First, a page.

Europe’s banks are broken. We have always suspected that, but recent evidence suggests that nearly six years after the crisis first began to manifest itself seriously they are still grossly impaired.
Recall what it is that banks do — despite the mystique and the bluster, its actually pretty simple.
Some people have money and others need it. Banks act as a middleman to facilitate those that want it to get it from those that have it, in return for them taking a cut of the interest charged. Lending money out is risky. That is why banks charge an interest rate on loans that is greater than that which they pay on deposits — apart from needing to make a profit and cover costs, they need to put some money aside for the inevitable defaults and bad loans. These retained profits, plus some other ‘safe’ assets, are the banks reserves, or its capital
Banks need, under prudential regulation, to hold a certain amount of capital, a proportion of the assets they have (loans made). If banks have more capital they are in a position to expand. The problem for European banks is that they are stymied by the fact they have written down bad loans to an extent sufficient to impair their capital base but by no means enough to clean their balance sheet of bad loans. Caught in a double bind, they are unable to efficiently do their job as intermediaries and as credit creators.
As part of the ongoing efforts to get to the root of the problem the ECB has initiated an asset quality review. This is in effect yet another stress test. Previous tests have been greeted with derision as they claimed all was well when it was manifestly not. Thus this stress test, to be credible, needs to fail some banks — any banks.
Recent research has looked at what holes might be lurking in the capital. Looking at the 109 largest banks with €22 trillion in assets, a hole of between €5bn and €66bn is found, even assuming no further deterioration of any assets — an unstressed situation. The biggest holes are in the core — French and German banks — and the smallest in the periphery. Ireland, if things don’t get any worse, does not need any more capital in its banks.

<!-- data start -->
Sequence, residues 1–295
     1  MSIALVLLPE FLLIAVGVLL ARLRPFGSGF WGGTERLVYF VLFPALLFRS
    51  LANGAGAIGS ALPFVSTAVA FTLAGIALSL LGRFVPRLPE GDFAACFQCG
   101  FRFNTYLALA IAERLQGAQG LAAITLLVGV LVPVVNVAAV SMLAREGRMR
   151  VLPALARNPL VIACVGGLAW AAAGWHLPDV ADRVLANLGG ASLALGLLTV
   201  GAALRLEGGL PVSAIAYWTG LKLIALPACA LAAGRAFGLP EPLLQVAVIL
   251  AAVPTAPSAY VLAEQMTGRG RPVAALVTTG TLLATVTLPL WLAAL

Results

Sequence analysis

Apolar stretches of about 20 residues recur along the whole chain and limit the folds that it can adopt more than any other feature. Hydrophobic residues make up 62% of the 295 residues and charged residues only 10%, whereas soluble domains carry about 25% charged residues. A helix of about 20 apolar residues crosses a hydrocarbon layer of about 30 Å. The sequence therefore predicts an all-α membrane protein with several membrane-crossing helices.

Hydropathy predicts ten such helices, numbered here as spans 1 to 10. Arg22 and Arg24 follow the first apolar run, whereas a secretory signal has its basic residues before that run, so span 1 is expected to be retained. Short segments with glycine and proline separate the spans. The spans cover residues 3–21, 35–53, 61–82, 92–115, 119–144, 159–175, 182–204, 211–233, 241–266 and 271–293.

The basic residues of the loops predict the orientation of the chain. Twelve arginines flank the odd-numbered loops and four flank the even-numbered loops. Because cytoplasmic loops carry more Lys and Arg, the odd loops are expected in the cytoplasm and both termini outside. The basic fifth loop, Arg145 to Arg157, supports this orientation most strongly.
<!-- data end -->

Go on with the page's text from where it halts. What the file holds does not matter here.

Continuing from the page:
But what if things do go south? Writing off bad loans of capital-weak banks is the only way to kill zombie banks who crowd out and hinder the banking system. In this stress situation the banks are woeful. Assuming reasonable levels of reserves to be held, European banks may need between €500bn and €750bn. Again the worst holes are in the core banks especially French German and Belgian banks.
So what to do? Senior bondholders are sacrosanct and while depositors of unimportant nations such as Cyprus might be bailed in that won’t happen to real depositors, those of the core. So banks will limp along. But there is a potential solution — promissory notes. The notes were created to shore up the capital base of Anglo Irish Bank, and allowed it to access liquidity from the Central Bank of Ireland. The problem with the notes was not their existence — it was that they were required to be extinguished over a fairly swift timetable, placing unbearable strain on an already strained exchequer. But were these to be created by the national authorities of the core, we could well imagine much longer periods for extinguishing being put in play. While the numbers seem large, in the context of the (shrinking) ECB balance sheet of €2.2bn even the largest amount required is not unbearable. Doing this would ‘cure’ the banks, in so far as it would allow a full write-down of impaired loans and thus position them for re-growth. It would allow a clean start to be made.
But the inflation fears of the ECB, never more imaginary than now with deflation staring the eurozone in the face, will not allow this. The consequence is that we flirt with a further crisis not merely knocking out the periphery but the core.
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